What You Need to Know About

YOUR MEDICINES


Why should I take medicine after I’m feeling better?

Medicines are prescribed by your doctor to keep you healthy and prevent other health conditions from occurring. Not taking your medicine as prescribed can lead to illness, hospitalization and possibly death. This is why it is important to take your medicine, even if you feel you no longer need it. Never take any medications that aren’t prescribed to you and do not share your prescribed medication with others.

Always talk to your doctor before you stop taking any medicine.

What should I ask my doctor?

  • Are there any medicines or food I should avoid?
  • How often should I take it?
  • What time of the day should I take it?
  • What should I do if I forget?
  • Should I take with food or on an empty stomach?
  • How about interactions with common over-the-counter medicines?
  • How will I know my medicine is working?
  • Is there a generic or alternative available?

Do you take these?

Ask your doctor if you have:

Antacids
Kidney disease
Milk allergy
 
Antiemetics
Breathing problems
Enlarged prostate
Glaucoma
Nasal decongestants
Enlarged prostate
Heart disease
Thyroid disease
 
Diabetes
High blood pressure
 
Cough medicine
Glaucoma
 
 
Antihistimines
Breathing problems
Glaucoma
 
 
A prescription for depression or high blood pressure medications
 
Alcoholic beverages
 
 
*SOURCE: Food and Drug Administration. "Drug Interactions:What You Should Know."
https://www.fda.gov/drugs/resources-you-drugs/drug-interactions-what-you-should-know Retrieved April 15, 2014.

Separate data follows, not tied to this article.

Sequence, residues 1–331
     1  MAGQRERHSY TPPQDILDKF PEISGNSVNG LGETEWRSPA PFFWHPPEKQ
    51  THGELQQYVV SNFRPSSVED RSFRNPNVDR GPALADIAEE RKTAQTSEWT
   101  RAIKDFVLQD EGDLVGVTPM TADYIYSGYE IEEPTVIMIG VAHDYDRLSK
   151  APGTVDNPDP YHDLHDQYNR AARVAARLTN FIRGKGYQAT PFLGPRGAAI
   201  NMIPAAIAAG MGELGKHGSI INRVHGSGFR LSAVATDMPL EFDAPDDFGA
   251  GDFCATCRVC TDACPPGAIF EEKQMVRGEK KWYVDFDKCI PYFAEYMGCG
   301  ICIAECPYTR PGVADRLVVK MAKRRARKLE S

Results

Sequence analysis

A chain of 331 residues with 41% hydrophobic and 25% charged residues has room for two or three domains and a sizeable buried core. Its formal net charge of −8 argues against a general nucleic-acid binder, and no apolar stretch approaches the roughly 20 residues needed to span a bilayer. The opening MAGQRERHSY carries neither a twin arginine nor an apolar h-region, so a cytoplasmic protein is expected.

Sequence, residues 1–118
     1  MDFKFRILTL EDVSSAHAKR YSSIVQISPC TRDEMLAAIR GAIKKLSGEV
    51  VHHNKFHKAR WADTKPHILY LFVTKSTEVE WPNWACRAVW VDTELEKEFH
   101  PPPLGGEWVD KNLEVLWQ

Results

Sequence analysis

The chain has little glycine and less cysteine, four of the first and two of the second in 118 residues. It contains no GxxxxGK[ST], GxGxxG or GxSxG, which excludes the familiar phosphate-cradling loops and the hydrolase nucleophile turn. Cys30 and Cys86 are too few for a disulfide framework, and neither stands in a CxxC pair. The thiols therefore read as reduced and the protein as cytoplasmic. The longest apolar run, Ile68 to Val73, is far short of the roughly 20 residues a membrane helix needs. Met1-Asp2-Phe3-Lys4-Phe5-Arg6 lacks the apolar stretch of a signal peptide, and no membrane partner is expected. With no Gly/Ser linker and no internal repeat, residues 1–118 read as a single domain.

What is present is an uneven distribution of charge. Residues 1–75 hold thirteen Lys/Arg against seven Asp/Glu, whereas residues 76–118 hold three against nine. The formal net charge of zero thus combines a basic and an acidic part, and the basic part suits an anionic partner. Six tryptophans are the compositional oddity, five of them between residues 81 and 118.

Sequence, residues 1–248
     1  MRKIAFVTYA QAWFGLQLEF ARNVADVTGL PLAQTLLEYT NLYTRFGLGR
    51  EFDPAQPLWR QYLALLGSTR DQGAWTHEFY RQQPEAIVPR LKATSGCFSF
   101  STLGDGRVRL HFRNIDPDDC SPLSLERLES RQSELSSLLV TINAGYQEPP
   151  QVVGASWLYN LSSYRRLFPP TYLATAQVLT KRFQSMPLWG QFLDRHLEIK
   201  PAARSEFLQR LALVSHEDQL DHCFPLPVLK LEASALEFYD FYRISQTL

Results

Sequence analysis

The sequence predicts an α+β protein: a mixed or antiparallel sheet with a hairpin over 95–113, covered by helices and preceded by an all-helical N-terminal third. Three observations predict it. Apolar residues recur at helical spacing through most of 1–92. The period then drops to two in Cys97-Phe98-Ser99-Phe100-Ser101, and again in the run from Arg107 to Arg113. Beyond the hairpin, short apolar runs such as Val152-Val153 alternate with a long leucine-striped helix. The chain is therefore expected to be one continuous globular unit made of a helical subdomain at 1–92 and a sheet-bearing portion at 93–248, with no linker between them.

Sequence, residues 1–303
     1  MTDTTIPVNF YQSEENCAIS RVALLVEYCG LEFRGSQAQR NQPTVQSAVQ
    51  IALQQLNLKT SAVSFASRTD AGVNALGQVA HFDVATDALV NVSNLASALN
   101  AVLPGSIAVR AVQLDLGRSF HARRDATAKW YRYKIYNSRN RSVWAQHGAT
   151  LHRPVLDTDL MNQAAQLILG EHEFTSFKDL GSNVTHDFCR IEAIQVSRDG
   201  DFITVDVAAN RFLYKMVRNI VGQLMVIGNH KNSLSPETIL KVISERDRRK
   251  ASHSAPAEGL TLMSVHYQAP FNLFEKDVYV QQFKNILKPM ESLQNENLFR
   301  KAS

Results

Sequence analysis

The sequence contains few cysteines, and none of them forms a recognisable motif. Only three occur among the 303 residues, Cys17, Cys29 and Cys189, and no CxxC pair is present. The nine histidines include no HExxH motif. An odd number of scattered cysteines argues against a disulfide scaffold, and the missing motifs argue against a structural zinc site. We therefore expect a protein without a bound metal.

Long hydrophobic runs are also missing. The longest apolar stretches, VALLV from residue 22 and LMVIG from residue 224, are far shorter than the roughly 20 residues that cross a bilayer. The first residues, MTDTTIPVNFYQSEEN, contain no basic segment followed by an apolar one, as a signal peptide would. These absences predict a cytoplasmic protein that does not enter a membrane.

Do you take these?

Antacids

Ask your doctor if you have:

  • Kidney disease
  • Milk allergy

Antiemetics
(drugs often prescribed for nausea, vomiting or dizziness)

Ask your doctor if you have:

  • Breathing problems
  • Enlarged prostate
  • Glaucoma

Nasal decongestants

Ask your doctor if you have:

  • Enlarged prostate
  • Heart disease
  • ThThyroid disease
  • DiaDiabetes
  • High blood pressure

Cough medicine

Ask your doctor if you have:

  • Glaucoma

Antihistimines

Ask your doctor if you have:

  • Breathing problems
  • Glaucoma
  • A prescription for depression or high blood pressure medications
  • Alcoholic beverages
*SOURCE: Food and Drug Administration. "Drug Interactions:What You Should Know."
https://www.fda.gov/drugs/resources-you-drugs/drug-interactions-what-you-should-know Retrieved April 15, 2014.

How can I be sure to remember to take my medicines?

  • Develop a routine and take your medicine at the same time as another regular activity, such as brushing your teeth, drinking coffee or eating a meal.
  • Use a pillbox that has compartments for the pills you should take each day at a specific time.
  • Set your alarm clock or timer as a reminder.
  • Keep a calendar with your medicine schedule and make a note when you take each dose.
  • Color-code your medicine bottles with stickers. Use different colors for different times of the day.

For additional tips and medication information, download the myRX Planner mobile app.